1-800-SWEEPER Blog

Creating a Unique Selling Proposition: Lessons on Growing Your Sweeping Business

Mar 31, 2014

Creating a Unique Selling Proposition: Lessons on Growing Your Sweeping Business

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Pete Phillips recently sent us some pictures from his exhibition booth at the Chattanooga Small Business Expo.  If you aren’t already attending events like this in your area, you should start making connections with local property managers and business owners.  One new introduction can more than pay for the cost of your booth.  If you have ever contemplated attending a show to promote your business, you know that showing up to these events is the easy part.  Crafting a short and concise elevator pitch that prompts prospective customers to engage in a discussion is the real magic that turns a meeting with a prospect into a sales opportunity.

pete

If you look carefully at Pete’s booth, you may notice a sign that says “27 questions to ask your sweeping contractor.”  We asked Pete about his 27 questions, and his response was so thoughtful, we decided to share it with the group.  Pete’s business coach recently prompted him to think long and hard about his unique selling proposition.  Simply put, Pete’s advisor was curious how he could differentiate himself from the competition.  Everyone likes to tout low cost and outstanding customer service, but as we all know, promoting your company as a low cost service provider isn’t the best way to grow a business.  For Pete, winning contracts is all about helping customers make informed buying decisions, and his list of 27 questions to ask a sweeper service provider is crafted with education in mind.

His sign isn’t large enough to list all 27 questions, and even if he could, he wouldn’t want to have them all printed on his booth signage.  Instead, his shortened list is a conversation starter.  It doesn’t take much imagination to envision a scenario where someone walks by his booth, scans his quick list, and asks for the rest of the story.  Doing trade shows well is all about crafting a story, and in our eyes, Pete has done this quite well.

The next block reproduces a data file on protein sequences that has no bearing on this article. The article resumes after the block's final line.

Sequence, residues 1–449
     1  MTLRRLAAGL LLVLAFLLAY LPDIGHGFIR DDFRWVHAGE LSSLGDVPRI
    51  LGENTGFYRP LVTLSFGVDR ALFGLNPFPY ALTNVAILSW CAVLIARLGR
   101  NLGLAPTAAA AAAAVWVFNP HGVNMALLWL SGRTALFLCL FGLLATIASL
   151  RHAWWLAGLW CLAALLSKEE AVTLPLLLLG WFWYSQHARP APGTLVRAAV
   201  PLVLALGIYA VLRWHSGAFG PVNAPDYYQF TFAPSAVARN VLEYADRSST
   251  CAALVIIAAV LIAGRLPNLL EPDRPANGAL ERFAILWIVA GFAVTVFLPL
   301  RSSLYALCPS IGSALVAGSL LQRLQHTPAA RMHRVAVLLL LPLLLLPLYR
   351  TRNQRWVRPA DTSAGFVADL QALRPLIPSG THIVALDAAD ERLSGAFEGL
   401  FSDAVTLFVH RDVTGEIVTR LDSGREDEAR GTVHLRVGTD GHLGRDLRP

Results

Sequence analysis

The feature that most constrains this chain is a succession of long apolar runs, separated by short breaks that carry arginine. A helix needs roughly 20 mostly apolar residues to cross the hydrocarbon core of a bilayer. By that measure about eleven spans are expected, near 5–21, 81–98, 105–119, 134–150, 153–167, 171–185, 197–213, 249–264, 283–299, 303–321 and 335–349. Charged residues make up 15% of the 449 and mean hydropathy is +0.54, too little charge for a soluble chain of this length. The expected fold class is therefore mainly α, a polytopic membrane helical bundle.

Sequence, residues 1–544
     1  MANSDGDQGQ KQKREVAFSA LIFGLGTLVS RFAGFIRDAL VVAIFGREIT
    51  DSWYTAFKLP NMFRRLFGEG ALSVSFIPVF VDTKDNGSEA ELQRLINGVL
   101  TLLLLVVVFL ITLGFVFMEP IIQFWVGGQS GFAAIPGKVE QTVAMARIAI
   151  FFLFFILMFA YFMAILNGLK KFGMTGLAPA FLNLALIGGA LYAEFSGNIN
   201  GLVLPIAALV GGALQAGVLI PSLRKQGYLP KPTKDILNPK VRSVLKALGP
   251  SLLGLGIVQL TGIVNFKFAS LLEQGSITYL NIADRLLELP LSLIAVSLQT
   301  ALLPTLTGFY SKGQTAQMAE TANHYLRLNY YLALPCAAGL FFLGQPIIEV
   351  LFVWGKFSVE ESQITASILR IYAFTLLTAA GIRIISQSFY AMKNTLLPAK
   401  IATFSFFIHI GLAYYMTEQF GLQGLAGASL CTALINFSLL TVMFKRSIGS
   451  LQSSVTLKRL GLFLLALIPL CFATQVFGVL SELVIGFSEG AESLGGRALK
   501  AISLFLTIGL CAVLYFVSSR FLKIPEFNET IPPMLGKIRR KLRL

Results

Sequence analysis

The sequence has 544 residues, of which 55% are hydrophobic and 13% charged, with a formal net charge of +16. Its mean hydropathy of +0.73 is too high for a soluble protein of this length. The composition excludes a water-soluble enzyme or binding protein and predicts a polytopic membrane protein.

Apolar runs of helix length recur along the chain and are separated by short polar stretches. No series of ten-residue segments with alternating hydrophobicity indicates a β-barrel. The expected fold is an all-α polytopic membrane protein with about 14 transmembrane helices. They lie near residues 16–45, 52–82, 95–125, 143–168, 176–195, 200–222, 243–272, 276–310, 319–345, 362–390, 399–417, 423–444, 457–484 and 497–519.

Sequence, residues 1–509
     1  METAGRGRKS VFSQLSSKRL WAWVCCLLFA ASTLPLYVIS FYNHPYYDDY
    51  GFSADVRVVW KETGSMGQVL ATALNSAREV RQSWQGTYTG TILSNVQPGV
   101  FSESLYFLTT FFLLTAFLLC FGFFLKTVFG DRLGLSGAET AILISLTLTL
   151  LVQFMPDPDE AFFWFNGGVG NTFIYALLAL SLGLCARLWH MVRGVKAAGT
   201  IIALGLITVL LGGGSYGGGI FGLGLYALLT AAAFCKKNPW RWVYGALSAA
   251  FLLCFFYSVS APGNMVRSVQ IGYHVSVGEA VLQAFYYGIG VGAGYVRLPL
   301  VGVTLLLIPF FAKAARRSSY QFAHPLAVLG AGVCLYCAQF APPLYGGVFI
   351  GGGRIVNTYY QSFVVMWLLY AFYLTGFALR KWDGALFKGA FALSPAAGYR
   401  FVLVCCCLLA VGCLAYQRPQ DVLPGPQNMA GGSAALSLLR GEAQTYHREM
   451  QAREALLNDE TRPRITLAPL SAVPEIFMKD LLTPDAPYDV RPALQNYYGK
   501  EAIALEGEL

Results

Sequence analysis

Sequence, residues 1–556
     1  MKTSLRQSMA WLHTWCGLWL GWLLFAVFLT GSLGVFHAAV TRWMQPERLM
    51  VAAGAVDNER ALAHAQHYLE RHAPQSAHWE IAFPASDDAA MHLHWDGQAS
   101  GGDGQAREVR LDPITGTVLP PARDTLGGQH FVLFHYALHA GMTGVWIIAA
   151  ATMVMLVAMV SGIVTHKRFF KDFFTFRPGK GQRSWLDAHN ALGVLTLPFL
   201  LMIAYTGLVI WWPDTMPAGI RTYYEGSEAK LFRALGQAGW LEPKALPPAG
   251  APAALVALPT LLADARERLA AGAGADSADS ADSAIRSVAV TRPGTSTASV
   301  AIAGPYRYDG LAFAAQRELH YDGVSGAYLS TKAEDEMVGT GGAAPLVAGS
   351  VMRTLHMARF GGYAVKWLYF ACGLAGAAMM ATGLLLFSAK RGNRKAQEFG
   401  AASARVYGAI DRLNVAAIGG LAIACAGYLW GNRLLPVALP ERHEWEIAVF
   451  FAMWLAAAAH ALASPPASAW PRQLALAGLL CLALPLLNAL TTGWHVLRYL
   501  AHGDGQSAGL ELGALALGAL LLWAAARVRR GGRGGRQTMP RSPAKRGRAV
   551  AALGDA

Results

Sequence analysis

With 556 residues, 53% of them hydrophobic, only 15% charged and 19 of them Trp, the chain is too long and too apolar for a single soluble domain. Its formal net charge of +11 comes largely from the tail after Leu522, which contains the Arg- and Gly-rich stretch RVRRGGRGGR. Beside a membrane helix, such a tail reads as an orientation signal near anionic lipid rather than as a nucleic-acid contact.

We asked Pete for more information, specifically inquiring about the ideas that garner the most attention during his presentations.  For Phillips, the key to taking a property manager from suspect to prospect to customer starts with a discussion of liability.  Specifically, how does a sweeping service contractor relieve a property manager or business owner of liability?  How and when do they report pot holes in the pavement?  Does the contractor carry enough insurance coverage?  How will your contractor dispose of the sweepings?  These simple questions (and their answers) often create that “Aha moment” that differentiates a professional sweeping company from a contractor that is simply selling on the basis of cost.

If you are like us, you are probably wondering, does Pete have a follow-up pdf flier with all 27 questions and their answers?  The answer is yes….but you’ll need to contact Pete directly to receive the document as he doesn’t want this valuable information falling into the hands of his competitors.

Do you attend local business expos to promote your sweeping company, and if so, how do you share your story?  If you would like to share your approach with the rest of the group, please contact Carolyn Bell and we will make arrangements to conduct an interview and publish your article in our blog.  By sharing freely, we’ll continue to grow our community—and our businesses—one idea at a time.